Passively scrolling on social media linked to anxiety, depression & stress in new study
Passive social media use, where users scroll through others’ content without posting their own, has been linked to loneliness, stress and depression in a new study.
If you find yourself passively scrolling social media a lot, this might be your sign to take a break. Young adults who browse others’ content on social media are more likely to go through anxiety, depression, and stress than active users who share their own content, according to a new study.
For the study published in the journal Behavior & Information Technology, researchers surveyed 288 participants between the ages of 18 and 34 to understand the relationship between various styles of engagement with social media, feelings of loneliness and psychological distress.
The study looked at three types of social media use. This included passive, where users exclusively browsed content by other users, active non-social, where users posted their own content but did not directly engage with other users and active social, where they posted their own content and interacted with other users and their content.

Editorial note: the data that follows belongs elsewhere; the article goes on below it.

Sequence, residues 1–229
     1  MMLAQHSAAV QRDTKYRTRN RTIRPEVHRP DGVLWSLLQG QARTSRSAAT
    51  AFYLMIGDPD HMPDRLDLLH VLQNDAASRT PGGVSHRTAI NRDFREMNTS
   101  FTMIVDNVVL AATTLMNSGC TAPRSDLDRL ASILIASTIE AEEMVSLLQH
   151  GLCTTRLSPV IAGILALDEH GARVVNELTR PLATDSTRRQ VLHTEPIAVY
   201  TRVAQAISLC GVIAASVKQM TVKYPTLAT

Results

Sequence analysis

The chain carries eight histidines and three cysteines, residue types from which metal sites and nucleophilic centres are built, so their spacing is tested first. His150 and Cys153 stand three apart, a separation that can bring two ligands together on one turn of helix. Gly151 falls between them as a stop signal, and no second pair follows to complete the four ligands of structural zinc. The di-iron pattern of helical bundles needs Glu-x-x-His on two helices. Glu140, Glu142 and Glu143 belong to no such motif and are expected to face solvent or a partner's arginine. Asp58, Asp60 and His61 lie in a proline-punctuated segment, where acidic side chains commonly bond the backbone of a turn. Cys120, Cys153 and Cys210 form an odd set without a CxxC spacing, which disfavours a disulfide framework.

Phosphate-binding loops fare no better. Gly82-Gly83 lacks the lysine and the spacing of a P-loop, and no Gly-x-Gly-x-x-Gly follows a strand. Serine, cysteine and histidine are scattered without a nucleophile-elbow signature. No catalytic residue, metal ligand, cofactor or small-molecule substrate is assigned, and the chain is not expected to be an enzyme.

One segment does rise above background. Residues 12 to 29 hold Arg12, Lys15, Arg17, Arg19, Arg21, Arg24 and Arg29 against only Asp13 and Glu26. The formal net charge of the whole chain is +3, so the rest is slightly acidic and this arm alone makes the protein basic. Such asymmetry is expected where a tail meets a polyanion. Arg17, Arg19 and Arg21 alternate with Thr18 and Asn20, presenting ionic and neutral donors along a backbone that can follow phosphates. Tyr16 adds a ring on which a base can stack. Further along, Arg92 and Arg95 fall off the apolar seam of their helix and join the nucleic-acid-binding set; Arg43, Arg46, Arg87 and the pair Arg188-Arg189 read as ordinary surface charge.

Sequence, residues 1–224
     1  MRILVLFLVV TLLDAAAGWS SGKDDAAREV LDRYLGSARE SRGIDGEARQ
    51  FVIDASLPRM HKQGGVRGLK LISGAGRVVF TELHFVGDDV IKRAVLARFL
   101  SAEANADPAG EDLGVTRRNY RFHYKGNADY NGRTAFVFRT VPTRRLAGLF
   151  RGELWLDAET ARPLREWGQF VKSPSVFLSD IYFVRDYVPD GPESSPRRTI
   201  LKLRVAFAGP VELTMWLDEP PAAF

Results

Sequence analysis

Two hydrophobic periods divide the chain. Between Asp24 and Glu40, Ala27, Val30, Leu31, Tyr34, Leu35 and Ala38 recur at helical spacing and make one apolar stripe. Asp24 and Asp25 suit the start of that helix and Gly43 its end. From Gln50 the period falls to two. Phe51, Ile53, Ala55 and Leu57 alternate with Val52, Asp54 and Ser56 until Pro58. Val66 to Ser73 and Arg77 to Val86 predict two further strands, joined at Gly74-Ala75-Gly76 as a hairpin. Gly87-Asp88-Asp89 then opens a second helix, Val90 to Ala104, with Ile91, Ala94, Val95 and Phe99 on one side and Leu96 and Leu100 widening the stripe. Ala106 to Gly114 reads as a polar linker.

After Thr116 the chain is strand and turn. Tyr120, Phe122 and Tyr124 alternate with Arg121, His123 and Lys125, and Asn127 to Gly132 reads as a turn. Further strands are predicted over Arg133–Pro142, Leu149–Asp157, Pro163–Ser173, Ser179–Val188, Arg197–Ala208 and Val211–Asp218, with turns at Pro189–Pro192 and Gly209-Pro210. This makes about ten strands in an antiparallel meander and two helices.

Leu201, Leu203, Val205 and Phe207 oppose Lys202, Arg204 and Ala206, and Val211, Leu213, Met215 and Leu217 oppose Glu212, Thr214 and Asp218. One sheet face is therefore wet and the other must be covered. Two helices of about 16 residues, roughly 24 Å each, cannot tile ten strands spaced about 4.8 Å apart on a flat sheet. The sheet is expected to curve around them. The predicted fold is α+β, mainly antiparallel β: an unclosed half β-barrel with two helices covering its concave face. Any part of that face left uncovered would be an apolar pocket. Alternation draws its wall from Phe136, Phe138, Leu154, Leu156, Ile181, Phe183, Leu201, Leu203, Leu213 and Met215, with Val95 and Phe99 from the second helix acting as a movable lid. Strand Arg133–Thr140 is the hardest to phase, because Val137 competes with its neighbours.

In the study, the researchers found that increased passive social media use was linked to elevated levels of anxiety, depression and stress. Curiously, creating and sharing content while not interacting directly with others online had a positive impact on stress.
“This finding highlights the positive aspects of active non-social media use, such as public content sharing, that allows users to receive feedback, such as likes and positive comments to their posts, but without the demands of direct social interactions. In other words, active non-social media users do not experience the additional pressures from constantly participating or initiating conversations with other people online which can be mentally exhausting,” said Constantina Panourgia, corresponding author of the paper, in a press statement.
According to Panourgia, who is a senior lecturer in developmental psychology at Bournemouth University, passive social media use does not give users opportunities for communication and self-disclosure which can promote connectedness and social support. This could lead to users feeling isolated and excluded. These feelings of loneliness could lead to increased levels of stress, anxiety and depression.